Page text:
First, the court will presume that your attorney’s conduct falls within the wide range of reasonable professional assistance and that his/her actions can be explained as a matter of sound trial strategy. The question is whether an attorney’s representation amounted to incompetence under “prevailing professional norms,” not merely whether it deviated from best practices or most common custom.

          Second, the court will presume that the alleged deficient performance did not make a difference in the outcome. It is not enough to show that the errors had some “conceivable” effect on the outcome of the proceeding. Counsel’s errors must be “so serious as to deprive the defendant of a fair trial, a trial whose result is reliable.”

          The burden is on you to overcome these presumptions by demonstrating that it is more likely than not that no reasonable lawyer would have failed to do the things your counsel failed to do; and that it is “reasonably probable” that at least one juror would have not found you guilty had your attorney not made the error. See our earlier columns in this IAC series for hints on how to best deconstruct Strickland’s requirements of deficient performance and prejudice and try to satisfy them despite the deference that the court will extend to what trial counsel did and didn’t do. Once again, our major recommendation is to focus on trial counsel’s duty to adequately investigate the case and/or theories of defense before deciding on strategy. Some specific examples are where: (1) counsel fails to locate and interview percipient witnesses to the crime or alibi; (2) counsel fails to obtain copies of the victim’s medical examination records and/or retain an independent medical expert; or (3) counsel fails to investigate potentially exculpatory evidence.

          The reason IAC claims like these can be successful is that they hit both prongs of Strickland. First, defense attorneys generally have a duty to perform these tasks in order to provide effective representation under prevailing professional standards. Except in rare cases, there generally is no conceivable tactical reason not to do the tasks outlined above. Consequently, the failure to fulfill these basic duties can constitute deficient performance. Second, where you can show that had these tasks been done, specific favorable evidence would have been uncovered, it is not a great leap to show that had the jury been aware of the favorable evidence, at least one juror would have not voted for guilt.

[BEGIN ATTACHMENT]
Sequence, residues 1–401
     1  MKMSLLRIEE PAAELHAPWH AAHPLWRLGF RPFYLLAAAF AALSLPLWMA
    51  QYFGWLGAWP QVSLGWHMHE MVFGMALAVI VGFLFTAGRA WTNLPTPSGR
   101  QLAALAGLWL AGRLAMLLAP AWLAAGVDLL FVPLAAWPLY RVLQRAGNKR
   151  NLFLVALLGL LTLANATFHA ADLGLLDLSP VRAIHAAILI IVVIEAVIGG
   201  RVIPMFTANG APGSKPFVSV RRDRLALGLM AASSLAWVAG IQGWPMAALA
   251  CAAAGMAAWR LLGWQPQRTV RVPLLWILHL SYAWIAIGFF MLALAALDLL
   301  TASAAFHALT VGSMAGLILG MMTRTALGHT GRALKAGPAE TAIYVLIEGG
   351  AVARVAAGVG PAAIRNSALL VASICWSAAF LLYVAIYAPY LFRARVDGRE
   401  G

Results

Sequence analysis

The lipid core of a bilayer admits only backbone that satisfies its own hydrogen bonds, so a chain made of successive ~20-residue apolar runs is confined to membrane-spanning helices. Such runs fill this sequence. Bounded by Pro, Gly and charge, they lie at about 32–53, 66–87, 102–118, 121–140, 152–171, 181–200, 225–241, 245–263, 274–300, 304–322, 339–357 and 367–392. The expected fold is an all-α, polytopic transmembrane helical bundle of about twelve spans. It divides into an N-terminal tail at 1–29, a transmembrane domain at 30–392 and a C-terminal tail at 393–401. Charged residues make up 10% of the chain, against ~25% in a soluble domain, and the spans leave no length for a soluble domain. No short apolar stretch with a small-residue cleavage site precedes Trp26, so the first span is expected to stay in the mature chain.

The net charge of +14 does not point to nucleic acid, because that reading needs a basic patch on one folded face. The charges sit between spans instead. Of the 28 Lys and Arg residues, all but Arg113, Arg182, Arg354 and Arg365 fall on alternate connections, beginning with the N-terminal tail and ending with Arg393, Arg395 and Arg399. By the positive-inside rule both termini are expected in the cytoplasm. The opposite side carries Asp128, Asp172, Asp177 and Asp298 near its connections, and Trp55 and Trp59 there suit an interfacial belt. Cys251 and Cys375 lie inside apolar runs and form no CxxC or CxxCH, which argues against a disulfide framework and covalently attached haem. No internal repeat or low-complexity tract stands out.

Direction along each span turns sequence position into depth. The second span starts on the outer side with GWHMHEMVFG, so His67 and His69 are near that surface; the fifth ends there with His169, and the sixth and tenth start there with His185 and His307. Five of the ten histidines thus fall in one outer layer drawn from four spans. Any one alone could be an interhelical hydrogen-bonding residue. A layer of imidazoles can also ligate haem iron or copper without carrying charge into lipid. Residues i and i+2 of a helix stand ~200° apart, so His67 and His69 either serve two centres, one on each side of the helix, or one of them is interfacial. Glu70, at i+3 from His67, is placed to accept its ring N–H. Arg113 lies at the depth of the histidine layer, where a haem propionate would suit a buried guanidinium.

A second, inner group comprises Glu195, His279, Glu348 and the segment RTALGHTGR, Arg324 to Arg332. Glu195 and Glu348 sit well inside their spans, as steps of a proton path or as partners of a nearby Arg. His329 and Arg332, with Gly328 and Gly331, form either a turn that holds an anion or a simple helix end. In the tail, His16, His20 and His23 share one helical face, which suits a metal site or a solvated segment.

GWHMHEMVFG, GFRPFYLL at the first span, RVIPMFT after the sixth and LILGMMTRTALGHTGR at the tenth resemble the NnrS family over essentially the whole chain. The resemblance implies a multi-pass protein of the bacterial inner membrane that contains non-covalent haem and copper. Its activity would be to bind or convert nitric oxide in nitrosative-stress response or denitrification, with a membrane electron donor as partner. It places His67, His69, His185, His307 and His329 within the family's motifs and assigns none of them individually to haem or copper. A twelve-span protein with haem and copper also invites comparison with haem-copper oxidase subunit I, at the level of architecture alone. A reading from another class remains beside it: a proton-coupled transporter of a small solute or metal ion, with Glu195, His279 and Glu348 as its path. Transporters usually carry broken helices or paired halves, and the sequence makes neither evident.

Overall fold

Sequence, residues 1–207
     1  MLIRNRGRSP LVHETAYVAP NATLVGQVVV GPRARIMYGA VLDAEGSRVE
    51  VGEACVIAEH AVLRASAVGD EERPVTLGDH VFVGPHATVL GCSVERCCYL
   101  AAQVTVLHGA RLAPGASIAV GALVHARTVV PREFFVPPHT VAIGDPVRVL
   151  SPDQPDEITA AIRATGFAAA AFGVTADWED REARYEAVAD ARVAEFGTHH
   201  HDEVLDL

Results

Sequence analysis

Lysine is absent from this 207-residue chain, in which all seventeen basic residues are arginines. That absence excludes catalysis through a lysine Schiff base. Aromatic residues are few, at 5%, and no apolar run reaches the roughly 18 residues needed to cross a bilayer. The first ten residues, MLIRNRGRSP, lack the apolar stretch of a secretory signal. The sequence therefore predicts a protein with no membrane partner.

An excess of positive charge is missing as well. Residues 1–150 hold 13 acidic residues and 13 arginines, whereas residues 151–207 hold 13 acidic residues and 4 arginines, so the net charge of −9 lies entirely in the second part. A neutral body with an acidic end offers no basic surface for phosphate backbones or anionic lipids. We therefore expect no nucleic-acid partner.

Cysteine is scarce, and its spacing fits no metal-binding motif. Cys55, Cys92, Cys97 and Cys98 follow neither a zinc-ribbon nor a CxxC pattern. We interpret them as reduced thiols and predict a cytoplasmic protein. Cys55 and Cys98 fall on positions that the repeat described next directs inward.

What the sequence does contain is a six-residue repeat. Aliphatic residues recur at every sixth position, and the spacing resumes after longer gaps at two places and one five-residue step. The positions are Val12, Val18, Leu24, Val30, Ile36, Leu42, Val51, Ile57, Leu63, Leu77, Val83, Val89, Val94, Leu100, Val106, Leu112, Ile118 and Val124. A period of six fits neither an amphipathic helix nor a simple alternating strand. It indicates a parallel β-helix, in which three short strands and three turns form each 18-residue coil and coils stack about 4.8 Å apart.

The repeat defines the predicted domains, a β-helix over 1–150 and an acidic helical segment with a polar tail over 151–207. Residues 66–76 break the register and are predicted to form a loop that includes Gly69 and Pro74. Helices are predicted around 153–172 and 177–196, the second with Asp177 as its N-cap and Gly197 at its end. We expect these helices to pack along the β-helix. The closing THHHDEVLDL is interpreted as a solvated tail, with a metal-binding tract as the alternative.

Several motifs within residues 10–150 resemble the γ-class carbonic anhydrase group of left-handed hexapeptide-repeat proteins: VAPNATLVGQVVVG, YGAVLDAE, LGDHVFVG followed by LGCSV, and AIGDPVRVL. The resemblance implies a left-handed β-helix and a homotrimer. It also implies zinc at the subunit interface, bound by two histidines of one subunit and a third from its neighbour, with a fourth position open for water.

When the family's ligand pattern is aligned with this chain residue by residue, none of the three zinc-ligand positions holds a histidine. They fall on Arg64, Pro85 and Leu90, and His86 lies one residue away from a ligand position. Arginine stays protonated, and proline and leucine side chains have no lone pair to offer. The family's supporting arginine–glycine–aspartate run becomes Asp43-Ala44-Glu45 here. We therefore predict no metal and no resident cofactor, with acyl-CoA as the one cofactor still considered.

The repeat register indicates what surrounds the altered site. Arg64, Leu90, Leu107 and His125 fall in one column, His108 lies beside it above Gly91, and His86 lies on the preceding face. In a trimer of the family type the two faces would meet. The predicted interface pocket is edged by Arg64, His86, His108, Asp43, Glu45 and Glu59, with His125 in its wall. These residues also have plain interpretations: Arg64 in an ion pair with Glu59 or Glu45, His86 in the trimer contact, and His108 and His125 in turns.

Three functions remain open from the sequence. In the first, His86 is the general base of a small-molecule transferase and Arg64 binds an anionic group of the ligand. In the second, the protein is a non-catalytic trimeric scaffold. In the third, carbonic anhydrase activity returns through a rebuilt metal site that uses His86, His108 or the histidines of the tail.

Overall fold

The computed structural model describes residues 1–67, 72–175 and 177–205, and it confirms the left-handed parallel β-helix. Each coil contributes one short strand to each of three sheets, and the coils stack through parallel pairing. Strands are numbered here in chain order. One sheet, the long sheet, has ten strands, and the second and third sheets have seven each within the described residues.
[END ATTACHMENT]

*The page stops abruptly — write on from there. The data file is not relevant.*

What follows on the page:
4. Give 100% effort to presenting your IAC claims on state habeas, because it gets even tougher to win IAC claims in federal court.

          Strickland deference + AEDPA deference = Double Trouble.

          Difficult as it is to win an IAC claim on state habeas, establishing that a state court’s denial of a Strickland claim was unreasonable in federal court under AEDPA is even more challenging. The standards created by Strickland and § 2254(d) of AEDPA are each “highly deferential”, and a federal habeas court applies both Strickland deference + “AEDPA deference” — meaning that federal review is “doubly deferential” under 28 U.S.C. § 2254(d). In other words, to win on an IAC claim in federal court, you must not only demonstrate an especially strong case under Strickland, but you must also show that the state court’s denial of relief under the Strickland standard was so unreasonable that “there is no possibility fair-minded jurists could disagree” with that denial.